Composition Part Deux
Hi everyone, sorry I’ve been away. Had a new magazine assignment and that kept me busy this week. Sorry to neglect you.
Seeing that I started the week with a quick hint on composition I thought I should end the week talking about composition again. This time with a more complete guide to it.
I think it’s important to go over basic photography lessons because what I find is that all too often when shooting HDR, the HDR becomes the most important part of the image and we throw everything else out the window and we loose some of the essence of what makes a great photo…a great photo. HDR does not make a great photo, it only allows us to capture the full dynamic range of a great photo. If we make it first and foremost, we may just have a perfectly exposed…bad photograph.
So let’s look at a few things to looks for in composition that can help us achieve a better photograph. Nothing is etched in stone as some may lead you to believe and if you break one rule you may actually have just fallen into another one without knowing it and if the end result is something visually pleasing and adds to the image and captures an audience, then do it.
One quick thought on Rules of composition. Nothing in composition was man made. Man only quantified why something was attractive or pleasing to the eye. It wasn’t like the rule of thirds was invented when the first man wrote it down, it was merely that he quantified why something looked better that occurs, quite naturally
A foreground subject
For me this is just something I find to be really important and I tend to stress it more than maybe other photographers do. But I have heard that when choosing photographs for magazines a lot of editors reject images because they lack a foreground subject. After all we have seen millions and millions of shots of a beautiful sunset, but all that may be of interest is the beautiful sunset itself, we didn’t do anything to add to that and make it a beautiful PHOTOGRAPH of a sunset.
So, always, in the right situation have a foreground subject. A start for the viewer, Here, look here, see this, then move on as you are carried to the background and the rest of my photograph.
The Rule of Thirds
I don’t think anything gets pounded into new photographers for composition than the rule of thirds. We naturally like to center things and people that just start taking photographs often do just that. But it may not be the most pleasing and visual interest to our photographs. Placing our subject at the intersection of Thirds of the scene add better visual interest and balance to our photographs. If you have a horizon line in your image, place that at a Third also from top to bottom.
Golden Mean or Ratio
Based on a mathematical formula that appears in nature (Fibonacci numbers) – think Nautilus shell here – Golden mean is another way to place object within our scene in a pleasing way.
I’ve demonstrated it here using both a Golden Spiral and also Golden Triangles
We capture our viewers attention with our primary subject, then we use leading lines to draw the viewers eye farther into the image and our secondary subject. Leading the viewer to look where we intend
But leading lines don’t have to be so hard and obvious
Sometimes symmetry just works, sometimes it can be boring. But with the right balance, again, it can bring interest to the work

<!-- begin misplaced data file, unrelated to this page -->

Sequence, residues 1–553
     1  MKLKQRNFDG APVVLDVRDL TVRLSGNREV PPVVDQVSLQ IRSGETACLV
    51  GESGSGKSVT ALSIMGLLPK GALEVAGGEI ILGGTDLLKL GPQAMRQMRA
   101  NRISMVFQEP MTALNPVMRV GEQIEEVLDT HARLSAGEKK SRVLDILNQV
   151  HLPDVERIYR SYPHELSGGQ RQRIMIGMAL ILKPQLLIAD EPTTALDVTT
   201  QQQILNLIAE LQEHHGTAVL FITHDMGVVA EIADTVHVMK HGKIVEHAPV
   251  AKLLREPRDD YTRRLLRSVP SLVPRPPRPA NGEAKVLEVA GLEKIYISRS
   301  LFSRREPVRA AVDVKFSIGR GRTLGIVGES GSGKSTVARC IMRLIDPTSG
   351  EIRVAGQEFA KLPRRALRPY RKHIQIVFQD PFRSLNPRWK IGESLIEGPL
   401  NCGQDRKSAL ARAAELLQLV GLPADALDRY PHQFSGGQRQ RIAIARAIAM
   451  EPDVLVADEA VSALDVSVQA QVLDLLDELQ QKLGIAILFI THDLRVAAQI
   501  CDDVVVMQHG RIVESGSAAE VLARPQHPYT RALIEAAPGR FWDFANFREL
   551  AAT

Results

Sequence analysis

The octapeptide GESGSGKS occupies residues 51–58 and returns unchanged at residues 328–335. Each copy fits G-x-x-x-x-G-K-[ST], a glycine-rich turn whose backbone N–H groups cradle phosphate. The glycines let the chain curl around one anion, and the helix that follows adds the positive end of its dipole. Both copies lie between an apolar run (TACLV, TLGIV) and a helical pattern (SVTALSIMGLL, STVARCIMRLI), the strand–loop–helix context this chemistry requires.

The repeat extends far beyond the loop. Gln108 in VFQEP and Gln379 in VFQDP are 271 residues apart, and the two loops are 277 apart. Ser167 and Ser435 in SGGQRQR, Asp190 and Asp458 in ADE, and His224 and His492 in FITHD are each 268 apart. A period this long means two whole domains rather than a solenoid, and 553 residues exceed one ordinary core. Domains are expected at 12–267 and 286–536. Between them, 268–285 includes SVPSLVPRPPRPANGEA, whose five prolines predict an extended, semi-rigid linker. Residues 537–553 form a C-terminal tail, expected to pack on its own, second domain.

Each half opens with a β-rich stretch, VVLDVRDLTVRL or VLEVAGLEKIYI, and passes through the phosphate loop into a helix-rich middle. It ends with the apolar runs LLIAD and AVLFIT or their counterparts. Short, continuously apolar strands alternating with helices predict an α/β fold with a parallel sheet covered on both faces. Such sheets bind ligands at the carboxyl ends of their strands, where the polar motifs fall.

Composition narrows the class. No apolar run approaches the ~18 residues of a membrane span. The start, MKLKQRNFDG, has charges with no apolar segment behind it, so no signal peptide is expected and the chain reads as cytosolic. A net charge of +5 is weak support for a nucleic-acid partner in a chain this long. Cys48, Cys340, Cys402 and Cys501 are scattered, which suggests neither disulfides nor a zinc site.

Balance and weighting
Even though it is obvious in the photo below that the cars behind our main subject are not the same scale as our subject, the weight of all those cars together equals the weight of our main subject
Use existing elements in the image to frame your subject. Again what we are trying to do is lead the viewer where we want. An image has just seconds to grab a viewers attention. We don’t want them to have to take too much time to find what we want them to find. They may just loose interest
Use Color and Brightness
Our eyes are drawn to certain colors, that’s why Fire Trucks are red. Certain colors make an object stick out, some make the object retreat. Use that to lead the viewer where you want. Also brightness or contrast draws the eye. So make your subject the brightest part of the scene to draw the eye too it
When our subject is yellow, our eye goes immediately there
But look what happens when we change that flower to a recessive color. The eye hunts for the subject
Mix up your orientation
Have you noticed something about a lot of my “Landscapes”?Tthey are shot in a vertical or “portrait” orientation. People assume that Landscapes are shot in Landscape orientation and portraits are shot in portrait orientation. The funny thing is my best friend is a great senior portrait shooter and we have always found we naturally go the other way. My hands when they go up to shoot naturally go for a vertical or portrait orientation, that’s the look I want most times. She on the other hand for her portraits will go for a landscape orientation. They just work for us. But it’s fun to mix things up even if you find it un-natural. Sometimes it just gives a different perspective on things
And then sometimes…I just don’t give crap about the rules at all and I just want something centered
Notice, I didn’t center the horizon though
There is much to be learned about composition. But a lot of it depends upon how your mind works. Are you right brained (the so called artistic mind)? Or are you left brained (the analytical mind)? Right brained people tend to just see composition but not really know why. Left brained people, it will be more of a thought out process but they may not see it naturally. Both may get there, they just do it differently. Well, that’s my opinion anyway.
Hope that helps a bit. Like I always like to stress it is STILL all about good photography, we are just using a different tool to realize our artistic vision. But don’t make HDR the star of the show if there is not a good stage below it.
Hope that helps